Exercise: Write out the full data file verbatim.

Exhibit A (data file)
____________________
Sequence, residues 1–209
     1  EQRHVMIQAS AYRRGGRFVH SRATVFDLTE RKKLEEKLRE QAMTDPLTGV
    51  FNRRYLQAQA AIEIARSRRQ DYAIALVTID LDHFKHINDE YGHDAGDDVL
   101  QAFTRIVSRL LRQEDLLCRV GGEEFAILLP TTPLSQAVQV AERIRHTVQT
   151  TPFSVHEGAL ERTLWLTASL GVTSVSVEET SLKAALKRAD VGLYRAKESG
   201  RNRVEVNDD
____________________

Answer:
Sequence, residues 1–209
     1  EQRHVMIQAS AYRRGGRFVH SRATVFDLTE RKKLEEKLRE QAMTDPLTGV
    51  FNRRYLQAQA AIEIARSRRQ DYAIALVTID LDHFKHINDE YGHDAGDDVL
   101  QAFTRIVSRL LRQEDLLCRV GGEEFAILLP TTPLSQAVQV AERIRHTVQT
   151  TPFSVHEGAL ERTLWLTASL GVTSVSVEET SLKAALKRAD VGLYRAKESG
   201  RNRVEVNDD